Eileen Bergen said...

I was nurtured into a crafting life by a fabulous circle of friend. They encouraged me to make lots of different stuff - from paper crafts to painted dresses and oilcloth totes to beaded and wire-sculpted jewelry.

Then they launched me with a sponsored show in one of their homes. Each of them invited all their other friends.

Can you imagine?! It was a terrific send-off.

I spent a few years doing craft shows and exhibitions. (Hard, hard work - be kind to those people when you can.) Then I opened a store. Now I've written a book on decoupage and have a crafting website and blog.

All this thanks to those wonderful girls who built me up when I was really down. God bless them.

FYI, this all transpired in the course of ten years. I feel truly blessed.

P.S. Linda, thank you for this forum to "pour out my heart". I love your blog. It cheers me every time I log on. The design is just so unique and inviting. And your musings ... 'nuff said.

P.P.S. I'm from Wisconsin; so I love it when you mention place names that I know so well :-D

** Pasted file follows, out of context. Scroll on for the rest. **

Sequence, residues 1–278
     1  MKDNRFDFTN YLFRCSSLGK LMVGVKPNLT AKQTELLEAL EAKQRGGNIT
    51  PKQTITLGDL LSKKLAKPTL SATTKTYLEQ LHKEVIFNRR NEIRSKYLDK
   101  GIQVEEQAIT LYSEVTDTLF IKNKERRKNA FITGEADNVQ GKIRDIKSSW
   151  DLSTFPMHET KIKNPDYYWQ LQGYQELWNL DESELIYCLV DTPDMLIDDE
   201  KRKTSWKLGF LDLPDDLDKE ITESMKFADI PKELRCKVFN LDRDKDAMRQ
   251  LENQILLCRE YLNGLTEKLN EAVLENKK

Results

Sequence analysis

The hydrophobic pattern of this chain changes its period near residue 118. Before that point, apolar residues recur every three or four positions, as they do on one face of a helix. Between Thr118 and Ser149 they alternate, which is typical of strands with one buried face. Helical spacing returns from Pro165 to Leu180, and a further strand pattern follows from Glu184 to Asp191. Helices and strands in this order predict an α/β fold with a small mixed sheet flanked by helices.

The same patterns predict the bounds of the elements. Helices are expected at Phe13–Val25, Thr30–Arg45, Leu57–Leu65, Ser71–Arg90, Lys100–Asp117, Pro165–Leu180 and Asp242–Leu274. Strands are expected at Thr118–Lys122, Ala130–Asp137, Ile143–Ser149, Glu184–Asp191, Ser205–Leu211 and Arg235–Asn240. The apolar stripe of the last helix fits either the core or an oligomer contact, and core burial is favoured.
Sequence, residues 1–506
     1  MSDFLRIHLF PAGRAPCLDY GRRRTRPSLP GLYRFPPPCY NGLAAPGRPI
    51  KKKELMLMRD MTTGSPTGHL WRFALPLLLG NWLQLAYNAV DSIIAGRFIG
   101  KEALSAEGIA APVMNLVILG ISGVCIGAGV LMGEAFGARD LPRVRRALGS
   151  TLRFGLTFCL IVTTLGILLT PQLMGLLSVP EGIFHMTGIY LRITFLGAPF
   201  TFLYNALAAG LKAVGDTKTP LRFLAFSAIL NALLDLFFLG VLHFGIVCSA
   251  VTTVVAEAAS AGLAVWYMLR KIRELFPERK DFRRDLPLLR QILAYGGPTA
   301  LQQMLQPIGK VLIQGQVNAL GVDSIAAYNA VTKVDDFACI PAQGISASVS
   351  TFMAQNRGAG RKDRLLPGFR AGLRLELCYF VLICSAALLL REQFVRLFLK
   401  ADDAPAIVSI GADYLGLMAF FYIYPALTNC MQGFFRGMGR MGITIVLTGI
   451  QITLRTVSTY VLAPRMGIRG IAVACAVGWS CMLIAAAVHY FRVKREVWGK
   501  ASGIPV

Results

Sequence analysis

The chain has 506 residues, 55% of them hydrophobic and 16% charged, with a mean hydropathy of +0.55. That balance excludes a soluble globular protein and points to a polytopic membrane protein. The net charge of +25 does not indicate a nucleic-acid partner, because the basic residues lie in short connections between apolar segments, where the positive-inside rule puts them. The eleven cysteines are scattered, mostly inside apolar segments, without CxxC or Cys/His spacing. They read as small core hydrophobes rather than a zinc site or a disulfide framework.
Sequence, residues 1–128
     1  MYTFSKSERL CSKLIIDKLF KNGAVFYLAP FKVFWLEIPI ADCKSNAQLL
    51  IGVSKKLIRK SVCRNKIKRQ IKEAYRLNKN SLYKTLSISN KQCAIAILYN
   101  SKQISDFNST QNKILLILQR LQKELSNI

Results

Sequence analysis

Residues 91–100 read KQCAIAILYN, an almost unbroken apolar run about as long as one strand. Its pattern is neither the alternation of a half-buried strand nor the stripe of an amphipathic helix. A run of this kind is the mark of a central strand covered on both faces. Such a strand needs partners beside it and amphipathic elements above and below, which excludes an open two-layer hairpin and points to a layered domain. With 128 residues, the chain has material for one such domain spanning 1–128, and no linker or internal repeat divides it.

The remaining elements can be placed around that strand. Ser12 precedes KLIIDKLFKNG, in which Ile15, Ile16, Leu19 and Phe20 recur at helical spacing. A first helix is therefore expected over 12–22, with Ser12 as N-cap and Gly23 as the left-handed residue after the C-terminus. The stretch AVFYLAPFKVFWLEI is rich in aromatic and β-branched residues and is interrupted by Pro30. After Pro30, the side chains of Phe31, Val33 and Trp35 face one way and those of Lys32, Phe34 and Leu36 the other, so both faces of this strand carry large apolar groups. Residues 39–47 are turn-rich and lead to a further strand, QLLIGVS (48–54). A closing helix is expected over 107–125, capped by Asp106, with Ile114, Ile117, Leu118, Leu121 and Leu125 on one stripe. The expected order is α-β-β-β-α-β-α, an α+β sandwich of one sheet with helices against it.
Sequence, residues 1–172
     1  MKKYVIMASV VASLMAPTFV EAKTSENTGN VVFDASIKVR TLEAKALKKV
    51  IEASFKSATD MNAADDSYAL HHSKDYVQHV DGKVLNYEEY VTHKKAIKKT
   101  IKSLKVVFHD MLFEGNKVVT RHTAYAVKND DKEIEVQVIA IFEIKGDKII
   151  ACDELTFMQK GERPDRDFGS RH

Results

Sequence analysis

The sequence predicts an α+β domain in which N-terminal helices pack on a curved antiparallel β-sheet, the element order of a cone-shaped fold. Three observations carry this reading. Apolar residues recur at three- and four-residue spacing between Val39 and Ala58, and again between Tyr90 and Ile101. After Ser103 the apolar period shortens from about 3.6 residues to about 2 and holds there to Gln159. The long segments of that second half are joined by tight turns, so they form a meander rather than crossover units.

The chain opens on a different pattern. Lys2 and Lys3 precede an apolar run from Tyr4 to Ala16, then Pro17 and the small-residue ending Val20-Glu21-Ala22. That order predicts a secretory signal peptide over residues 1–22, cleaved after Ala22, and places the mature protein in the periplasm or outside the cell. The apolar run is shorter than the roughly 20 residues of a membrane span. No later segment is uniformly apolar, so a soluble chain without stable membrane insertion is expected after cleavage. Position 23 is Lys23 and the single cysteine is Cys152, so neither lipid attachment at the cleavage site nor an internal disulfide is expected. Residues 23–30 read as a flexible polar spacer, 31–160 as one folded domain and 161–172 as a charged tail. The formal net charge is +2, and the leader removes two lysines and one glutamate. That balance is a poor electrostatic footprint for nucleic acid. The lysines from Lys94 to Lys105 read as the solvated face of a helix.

Taste it -you know you want to, at luxurycardstore.com said...

Hi-
I'm from Philly, a fairly large city. I used to buy handbags wholesale and sell them at the flea markets, but that turned out to be a rather expensive hobby. People at flea markets will nickle and dime you into zero profit, so that's when I decided to try a different route. I paint rather large paintings and make greeting cards. I haunted 2 local boutiques, then as I made a small purchase asked if I could show them my greeting cards sometime. Both of those two boutiques bought some cards from me, but the recesion hit them both hard. One went out of business and the other just stopped buying. The fact that they were willing to take a chance tells me to hang in there, and don't stop trying. I also put some of my better cards into a basket I keep on the edge of my desk at work. Some of my cowokers buy from me and I have a shop on Etsy.com . Never give up!

Kay said...

About 10 years ago I stopped teaching and started making quilted clothing to sell. My first experience was like yours, but I got lots of good advice from other vendors and went on to sell with fair success at shows and through some boutiques for about five years. I stopped because I wanted to pursue what I wanted to make, not what was marketable. I'm very glad I did this stint of selling; it taught me what my gifts and limits are, sharpened my eye for color and design, and improved my sewing skills. It also gave me a large stash of fabric scraps which I am now working at using up!

Incidentally, I came to your blog from the Blogger's Quilt Festival list because the title seems to sum up my life experience too. Glad to make your acquaintance.